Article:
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English definition of “class”

class

noun uk   /klɑːs/ us    /klæs/

class noun (TEACHING GROUP)

A1 [C, + sing/pl verb] a group of students who are taught together at school, college, or university: Which class are you in this year? She gave the whole class extra homework for a week. My class (= the people in my class) was/were rather noisy this morning. [as form of address] Okay, class, settle down and open your books.Students and pupils A1 [C, + sing/pl verb] a period of time in which students are taught something: My last class ends at four o'clock. I was told off for talking in class. Who takes/teaches your environmental studies class? I missed my aerobics class yesterday. Classes have been cancelled today because of a staff meeting.Classes, courses and coursework the class of 2012, 2013, etc. mainly US a group of students who successfully finished their studies in a particular yearStudents and pupils

class noun (ECONOMIC GROUP)

B2 [C or U] a group of people within society who have the same economic and social position: The Labour Party has lost a lot of support among the working class. She belongs to the rich American upper class. We live in a middle class neighbourhood. She comes from an upper middle class background. He was a member of the ruling classes. She's studying the class structure of Japan.
See also
Class and class-consciousness in generalWealthiness and wealthyPoverty and poor

class noun (RANK)

A2 [C] a group into which goods, services, or people are put according to their standard: Whenever I travel by train, I always travel first class. first/second class mail a business/economy class ticket All the vegetables we sell are Class A. When it comes to mathematics, he's in a different class to his peers.Quality and standard [C] in the UK, the standard that someone has reached in their university degree: What class of degree did you get? He graduated with a second-class honours degree in physics.Marks and results be in a class of your own to be the best at a particular activity: As a long-distance runner, she's in a class of her own.Informal words for goodGood, better and bestQuite good, or not very good be in a class by itself/of its own to be something of such a high quality that nothing can be compared to itInformal words for goodGood, better and bestQuite good, or not very good be out of your class to be much better at doing something than you: I can't play chess with him. He's completely out of my class!Quality and standard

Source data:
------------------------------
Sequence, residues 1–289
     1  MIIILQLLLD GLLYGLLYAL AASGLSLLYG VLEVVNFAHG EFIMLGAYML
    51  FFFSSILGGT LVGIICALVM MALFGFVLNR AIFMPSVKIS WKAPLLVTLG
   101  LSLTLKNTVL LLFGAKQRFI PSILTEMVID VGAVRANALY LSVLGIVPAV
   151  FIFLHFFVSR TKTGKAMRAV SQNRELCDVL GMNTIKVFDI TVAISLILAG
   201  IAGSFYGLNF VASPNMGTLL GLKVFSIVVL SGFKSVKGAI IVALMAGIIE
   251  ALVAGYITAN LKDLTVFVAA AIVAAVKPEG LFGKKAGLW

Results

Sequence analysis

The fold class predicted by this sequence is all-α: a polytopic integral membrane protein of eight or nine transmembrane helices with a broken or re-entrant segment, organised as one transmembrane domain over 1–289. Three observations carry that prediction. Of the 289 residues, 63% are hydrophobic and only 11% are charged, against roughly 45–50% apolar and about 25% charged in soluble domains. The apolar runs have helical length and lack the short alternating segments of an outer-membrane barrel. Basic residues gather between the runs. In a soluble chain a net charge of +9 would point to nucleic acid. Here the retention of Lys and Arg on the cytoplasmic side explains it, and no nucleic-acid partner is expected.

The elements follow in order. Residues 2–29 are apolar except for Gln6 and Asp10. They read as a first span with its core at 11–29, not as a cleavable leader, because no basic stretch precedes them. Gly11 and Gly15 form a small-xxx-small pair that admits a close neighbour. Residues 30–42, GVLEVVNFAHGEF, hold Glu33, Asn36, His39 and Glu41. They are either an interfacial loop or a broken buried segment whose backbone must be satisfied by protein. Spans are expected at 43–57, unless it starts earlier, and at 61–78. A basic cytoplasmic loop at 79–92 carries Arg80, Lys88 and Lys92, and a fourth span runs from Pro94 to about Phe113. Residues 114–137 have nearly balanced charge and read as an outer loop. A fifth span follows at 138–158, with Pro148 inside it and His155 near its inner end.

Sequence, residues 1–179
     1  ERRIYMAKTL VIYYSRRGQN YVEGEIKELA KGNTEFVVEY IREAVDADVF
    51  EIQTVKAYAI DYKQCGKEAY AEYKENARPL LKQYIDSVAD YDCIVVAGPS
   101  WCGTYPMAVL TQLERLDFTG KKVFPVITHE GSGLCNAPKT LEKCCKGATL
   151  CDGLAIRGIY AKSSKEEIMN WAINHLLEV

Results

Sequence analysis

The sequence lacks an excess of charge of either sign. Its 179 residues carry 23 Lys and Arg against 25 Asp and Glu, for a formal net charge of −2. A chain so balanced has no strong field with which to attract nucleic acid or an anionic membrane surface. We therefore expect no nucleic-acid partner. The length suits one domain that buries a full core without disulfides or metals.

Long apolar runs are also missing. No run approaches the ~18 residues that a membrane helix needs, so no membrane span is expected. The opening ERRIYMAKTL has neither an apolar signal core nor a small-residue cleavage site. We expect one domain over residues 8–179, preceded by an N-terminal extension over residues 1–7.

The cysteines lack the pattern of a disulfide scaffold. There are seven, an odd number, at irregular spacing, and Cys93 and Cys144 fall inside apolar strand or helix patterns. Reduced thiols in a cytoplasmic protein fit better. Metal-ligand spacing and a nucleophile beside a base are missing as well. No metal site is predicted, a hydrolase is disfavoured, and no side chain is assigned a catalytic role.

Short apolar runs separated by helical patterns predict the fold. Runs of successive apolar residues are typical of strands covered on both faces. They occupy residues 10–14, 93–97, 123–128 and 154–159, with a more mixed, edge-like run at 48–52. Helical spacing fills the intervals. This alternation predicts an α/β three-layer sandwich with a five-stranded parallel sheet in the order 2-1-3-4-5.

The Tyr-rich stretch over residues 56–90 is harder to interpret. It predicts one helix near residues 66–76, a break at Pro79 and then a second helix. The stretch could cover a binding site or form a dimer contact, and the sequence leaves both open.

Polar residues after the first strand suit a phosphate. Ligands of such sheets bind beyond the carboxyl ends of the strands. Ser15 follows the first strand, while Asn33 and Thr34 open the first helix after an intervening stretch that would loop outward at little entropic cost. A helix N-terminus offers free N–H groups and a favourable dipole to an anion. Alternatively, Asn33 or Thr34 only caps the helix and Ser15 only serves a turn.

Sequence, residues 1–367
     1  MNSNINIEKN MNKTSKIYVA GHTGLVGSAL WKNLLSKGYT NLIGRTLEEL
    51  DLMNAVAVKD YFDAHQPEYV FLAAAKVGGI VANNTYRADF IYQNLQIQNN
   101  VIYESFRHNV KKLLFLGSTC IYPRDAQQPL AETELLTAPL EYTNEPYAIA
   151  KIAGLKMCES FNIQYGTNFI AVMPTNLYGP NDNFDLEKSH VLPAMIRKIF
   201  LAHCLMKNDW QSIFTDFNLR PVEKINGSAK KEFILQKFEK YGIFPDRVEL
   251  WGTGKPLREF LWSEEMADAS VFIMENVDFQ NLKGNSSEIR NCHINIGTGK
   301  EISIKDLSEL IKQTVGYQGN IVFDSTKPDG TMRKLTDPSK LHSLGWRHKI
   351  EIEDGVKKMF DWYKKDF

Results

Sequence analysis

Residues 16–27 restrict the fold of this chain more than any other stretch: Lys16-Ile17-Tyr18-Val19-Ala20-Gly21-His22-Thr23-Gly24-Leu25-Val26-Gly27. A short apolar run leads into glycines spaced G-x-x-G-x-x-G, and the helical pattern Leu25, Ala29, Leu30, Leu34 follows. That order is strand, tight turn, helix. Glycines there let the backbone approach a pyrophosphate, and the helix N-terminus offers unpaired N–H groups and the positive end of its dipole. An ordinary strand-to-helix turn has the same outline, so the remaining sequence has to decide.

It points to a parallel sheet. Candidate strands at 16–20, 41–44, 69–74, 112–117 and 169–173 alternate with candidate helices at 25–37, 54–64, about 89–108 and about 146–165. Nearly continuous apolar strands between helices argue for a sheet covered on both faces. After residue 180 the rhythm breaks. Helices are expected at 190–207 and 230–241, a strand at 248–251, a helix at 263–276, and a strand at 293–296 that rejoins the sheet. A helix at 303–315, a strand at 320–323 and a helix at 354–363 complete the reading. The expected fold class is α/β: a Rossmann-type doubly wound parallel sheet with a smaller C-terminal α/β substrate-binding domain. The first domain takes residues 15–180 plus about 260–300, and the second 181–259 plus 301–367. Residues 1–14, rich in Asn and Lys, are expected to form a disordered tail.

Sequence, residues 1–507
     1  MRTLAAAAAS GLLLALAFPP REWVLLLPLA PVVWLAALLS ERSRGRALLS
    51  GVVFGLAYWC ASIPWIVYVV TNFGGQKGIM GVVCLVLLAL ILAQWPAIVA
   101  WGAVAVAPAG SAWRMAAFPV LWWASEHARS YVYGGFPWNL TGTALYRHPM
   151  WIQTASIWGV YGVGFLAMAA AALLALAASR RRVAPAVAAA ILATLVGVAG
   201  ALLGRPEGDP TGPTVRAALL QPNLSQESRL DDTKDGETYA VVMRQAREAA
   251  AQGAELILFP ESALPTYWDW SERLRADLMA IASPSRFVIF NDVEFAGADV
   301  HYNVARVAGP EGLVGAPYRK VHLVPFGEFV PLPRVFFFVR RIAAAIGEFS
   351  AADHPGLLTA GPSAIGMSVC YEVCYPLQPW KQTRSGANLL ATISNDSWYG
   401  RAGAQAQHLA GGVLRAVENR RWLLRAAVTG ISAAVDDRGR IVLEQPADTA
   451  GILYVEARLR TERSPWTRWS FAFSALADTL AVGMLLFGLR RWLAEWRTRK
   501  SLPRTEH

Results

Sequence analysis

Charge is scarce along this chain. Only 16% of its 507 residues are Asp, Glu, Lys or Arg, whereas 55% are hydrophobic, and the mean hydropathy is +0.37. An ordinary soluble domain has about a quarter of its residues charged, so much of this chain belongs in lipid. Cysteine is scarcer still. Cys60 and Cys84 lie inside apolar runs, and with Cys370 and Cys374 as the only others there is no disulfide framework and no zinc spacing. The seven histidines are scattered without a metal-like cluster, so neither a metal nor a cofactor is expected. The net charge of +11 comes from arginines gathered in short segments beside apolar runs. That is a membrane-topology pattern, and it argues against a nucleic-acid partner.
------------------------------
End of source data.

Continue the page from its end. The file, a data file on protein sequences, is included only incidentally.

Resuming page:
class noun (STYLE)

[U] the quality of being stylish or fashionable: She's got real class.Modern and fashionableFashionModern and fashionable

class noun (BIOLOGY)

[C] specialized biology a group of related plants or animals, in the general classification of plants and animalsSpecies and gendersCategories and varieties

class

verb [T] uk   /klɑːs/ us    /klæs/
C1 to consider someone or something to belong to a particular group because of their qualities: I'm 17, but I'm still classed as a child when I travel by bus. I would class her among/with the top ten American novelists.Classifying and creating order

class

adjective uk   /klɑːs/ us    /klæs/ informal
very good: a class act He's a class golfer.Informal words for goodGood, better and bestQuite good, or not very good
(Definition of class from the Cambridge Advanced Learners Dictionary & Thesaurus © Cambridge University Press)
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